HuffPost’s absurd stand on “conspiracy theories” (David Ray Griffin)
From David Ray Griffin:
It’s good to have the Huffington Post’s policy on “conspiracy theories” in black and white.
So now someone needs to inform them that they cannot accept any posts that state, or imply, that al-Qaeda was responsible for the 9/11 attacks, for that is a conspiracy theory.
That has been acknowledged by Cass Sunstein, the Chicago-and-then-Harvard professor of law who was tapped by President Obama to direct OIRA, the executive branch’s Office of Information and Regulatory Affairs (which is under the Office of Management and Budget).
In a 2009 article entitled “Conspiracy Theories,” he and his Harvard co-author wrote:
“The theory that Al-Qaeda was responsible for 9/11 is . . . a . . . conspiracy theory.”
(The complete statement is: “The theory that Al-Qaeda was responsible for 9/11 is thus a justified and true conspiracy theory.”) See Cass R. Sunstein and Adrian Vermeule, “Conspiracy Theories: Causes and Cures,” Journal of Political Philosophy, 17/2 (June 2009), 202-27, at 208.
In pointing out that there are true as well as false conspiracy theories, Sunstein refers readers to philosopher Charles Pigden, who gave this definition: “”[A] conspiracy theory is simply a theory that posits a conspiracy – a secret plan on the part of some group to influence events by partly secret means.” (Charles Pigden, “Conspiracy Theories and the Conventional Wisdom,” Episteme, 4 (2007), 219-32, Sect. 2.)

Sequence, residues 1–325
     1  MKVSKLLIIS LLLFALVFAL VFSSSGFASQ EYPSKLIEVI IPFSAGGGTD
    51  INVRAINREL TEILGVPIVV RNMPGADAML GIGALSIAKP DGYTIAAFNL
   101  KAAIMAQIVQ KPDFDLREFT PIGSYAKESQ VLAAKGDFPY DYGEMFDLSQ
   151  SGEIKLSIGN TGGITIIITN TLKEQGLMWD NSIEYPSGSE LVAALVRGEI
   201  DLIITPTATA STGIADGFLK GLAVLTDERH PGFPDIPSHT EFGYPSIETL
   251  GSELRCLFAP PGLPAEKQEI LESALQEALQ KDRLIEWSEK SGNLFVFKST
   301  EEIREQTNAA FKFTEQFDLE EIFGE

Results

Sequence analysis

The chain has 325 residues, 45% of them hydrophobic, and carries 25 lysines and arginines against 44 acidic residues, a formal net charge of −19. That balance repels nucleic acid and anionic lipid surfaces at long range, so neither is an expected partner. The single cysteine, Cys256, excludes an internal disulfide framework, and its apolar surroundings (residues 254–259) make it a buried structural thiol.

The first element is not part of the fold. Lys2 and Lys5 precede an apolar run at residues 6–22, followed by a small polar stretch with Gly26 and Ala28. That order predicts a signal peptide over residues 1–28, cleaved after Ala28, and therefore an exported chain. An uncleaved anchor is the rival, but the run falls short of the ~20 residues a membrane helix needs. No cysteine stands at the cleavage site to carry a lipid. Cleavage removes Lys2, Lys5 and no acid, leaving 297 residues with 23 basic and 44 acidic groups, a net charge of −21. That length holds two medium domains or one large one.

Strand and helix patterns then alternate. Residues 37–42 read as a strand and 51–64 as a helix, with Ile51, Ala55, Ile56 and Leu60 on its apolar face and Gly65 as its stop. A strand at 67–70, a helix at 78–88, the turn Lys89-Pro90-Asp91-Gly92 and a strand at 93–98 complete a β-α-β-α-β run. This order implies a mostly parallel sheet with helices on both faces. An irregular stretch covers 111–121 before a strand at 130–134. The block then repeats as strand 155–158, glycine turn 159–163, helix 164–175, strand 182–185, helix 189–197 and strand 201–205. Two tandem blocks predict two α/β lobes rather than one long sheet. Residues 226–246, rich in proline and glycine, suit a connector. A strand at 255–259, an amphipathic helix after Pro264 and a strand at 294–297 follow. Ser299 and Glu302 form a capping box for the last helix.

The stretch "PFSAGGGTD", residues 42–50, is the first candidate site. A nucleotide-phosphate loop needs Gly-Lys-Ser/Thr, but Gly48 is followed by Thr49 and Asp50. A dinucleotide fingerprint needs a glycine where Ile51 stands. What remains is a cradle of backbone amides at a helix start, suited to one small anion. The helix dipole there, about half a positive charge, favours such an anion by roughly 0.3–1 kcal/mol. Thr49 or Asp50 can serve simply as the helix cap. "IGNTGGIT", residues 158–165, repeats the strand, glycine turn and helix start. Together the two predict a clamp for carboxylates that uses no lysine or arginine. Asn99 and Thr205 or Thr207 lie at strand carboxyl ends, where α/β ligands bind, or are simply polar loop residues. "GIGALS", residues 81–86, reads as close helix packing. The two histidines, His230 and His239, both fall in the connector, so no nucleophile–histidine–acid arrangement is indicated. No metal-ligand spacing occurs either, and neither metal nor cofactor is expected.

So, in telling us that the 9/11 attacks resulted from a conspiracy between Osama bin Laden and 19 members of his al-Qaeda organization, Bush and Cheney clearly articulated a conspiracy theory. They and Sunstein, of course, call it a true theory; but all conspiracy theorists claim that their theories are true.
In any case, the HP did not say that it accepted true conspiracy theories and excluded only false ones (and to do this, they would need to do an enormous amount of research). They said they avoid “lending credibility to any conspiracy theories.”
This means, for example, that they cannot allow President Obama say that we are in Afghanistan to “get the people who attacked us on 9/11,” because he’s thereby endorsing the Bush-Cheney conspiracy theory about 9/11.
What the HP policy amounts to is excluding any allegations that our own government has orchestrated any conspiracy. So they would have had to exclude all allegations about Tonkin Gulf being a hoax; ditto about the Watergate break in; ditto for WMD in Iraq (recall “the intelligence and facts were being fixed around the policy”?); ditto for the claim that Saddam helped al-Qaeda with the 9/11 attacks; and so on.
One would hope that the people at HP, being reasonable people, will see that they need to rethink their policy. Reading Charles Pigden’s essay would be an excellent place to start.
David Ray Griffin
Santa Barbara, CA